Opportunity Tulsa exists to disrupt the cycle of economic injustice by creating pathways to employment for underrepresented youth.
We envision a world where every youth has equitable access to the resources they need to actualize their full potential.
Savvy business leaders are realizing revenue increases, cash savings, and tangible workforce improvements by tapping into the potential of 16- to 24-year-old workers. These companies span a range of industries: communications, manufacturing, retail, health care, government, and financial services, and vary in size from small local firms to global powerhouses. Their leaders report that investments in young adult workers pay off by addressing critical business problems in four important ways:
- They create a robust pipeline of their company’s next generation of talent.
- They fill critical skills gaps.
- They increase workforce diversity that enables greater customer connection.
- They spur innovation.
Despite these considerable advantages, the potential of young adult workers seems to be a well-kept secret. While 40% of U.S. employers struggle to fill more than 5 million open jobs, 2 6 million young adults are neither working nor in school. In December 2014, 16- to 19-year-olds faced an unemployment rate of 16.8% and 20- to 24-year-olds faced a rate of 10.8%, both far above the overall rate of 5.6%.
From the US Chamber of Commerce, “Making Youth Employment Work” (pdf)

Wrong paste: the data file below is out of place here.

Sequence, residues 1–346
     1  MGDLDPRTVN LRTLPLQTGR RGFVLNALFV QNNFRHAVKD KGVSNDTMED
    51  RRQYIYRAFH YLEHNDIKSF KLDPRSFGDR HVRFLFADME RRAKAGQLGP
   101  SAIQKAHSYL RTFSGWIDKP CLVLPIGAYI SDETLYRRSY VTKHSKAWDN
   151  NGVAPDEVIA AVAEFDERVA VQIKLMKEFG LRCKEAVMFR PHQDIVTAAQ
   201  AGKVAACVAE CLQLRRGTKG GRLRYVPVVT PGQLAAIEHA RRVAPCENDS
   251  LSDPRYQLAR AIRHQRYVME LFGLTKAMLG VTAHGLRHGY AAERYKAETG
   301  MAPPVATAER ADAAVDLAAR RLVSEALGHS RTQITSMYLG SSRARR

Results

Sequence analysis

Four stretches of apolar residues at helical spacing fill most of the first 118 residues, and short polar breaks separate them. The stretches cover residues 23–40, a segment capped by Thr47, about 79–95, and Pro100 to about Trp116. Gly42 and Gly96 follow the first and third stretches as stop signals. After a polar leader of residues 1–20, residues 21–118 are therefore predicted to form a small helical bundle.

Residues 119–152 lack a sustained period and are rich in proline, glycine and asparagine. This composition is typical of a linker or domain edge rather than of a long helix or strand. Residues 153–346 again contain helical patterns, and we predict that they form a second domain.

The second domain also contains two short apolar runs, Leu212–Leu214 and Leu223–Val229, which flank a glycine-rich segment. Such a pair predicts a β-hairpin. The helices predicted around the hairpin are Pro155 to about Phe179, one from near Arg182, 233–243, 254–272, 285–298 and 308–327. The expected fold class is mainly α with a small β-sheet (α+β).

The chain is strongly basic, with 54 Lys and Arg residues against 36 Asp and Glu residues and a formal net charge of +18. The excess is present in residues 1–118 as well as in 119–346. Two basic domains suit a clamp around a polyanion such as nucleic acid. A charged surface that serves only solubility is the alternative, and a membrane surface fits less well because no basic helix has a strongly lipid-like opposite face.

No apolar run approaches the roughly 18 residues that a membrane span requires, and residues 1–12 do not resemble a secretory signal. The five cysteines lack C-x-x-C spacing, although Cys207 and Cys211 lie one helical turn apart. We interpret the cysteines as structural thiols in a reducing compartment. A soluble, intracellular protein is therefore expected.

Nearly all young people (98.6 percent) hold at least one job between the ages of 18 and 25. The average young person holds 6.3 jobs between 18 and 25. Some work part-time or summers only, while others see full-time permanent employment as their path to economic independence. Employment can be beneficial for youth by teaching responsibility, organization, and time management and helping to establish good work habits, experience, and financial stability. There are many advantages to working during high school, especially for low-income youth, including higher employment rates and wages in later teen years and lower probabilities of dropping out of high school. Knowing how to find and keep a job is not only critical for admission to the adult world but also is an important survival skill for which there is little in the way of formal, structured preparation.
IRS 501(c)(3) Determination Letter (pdf)
IRS 990-N (pdf)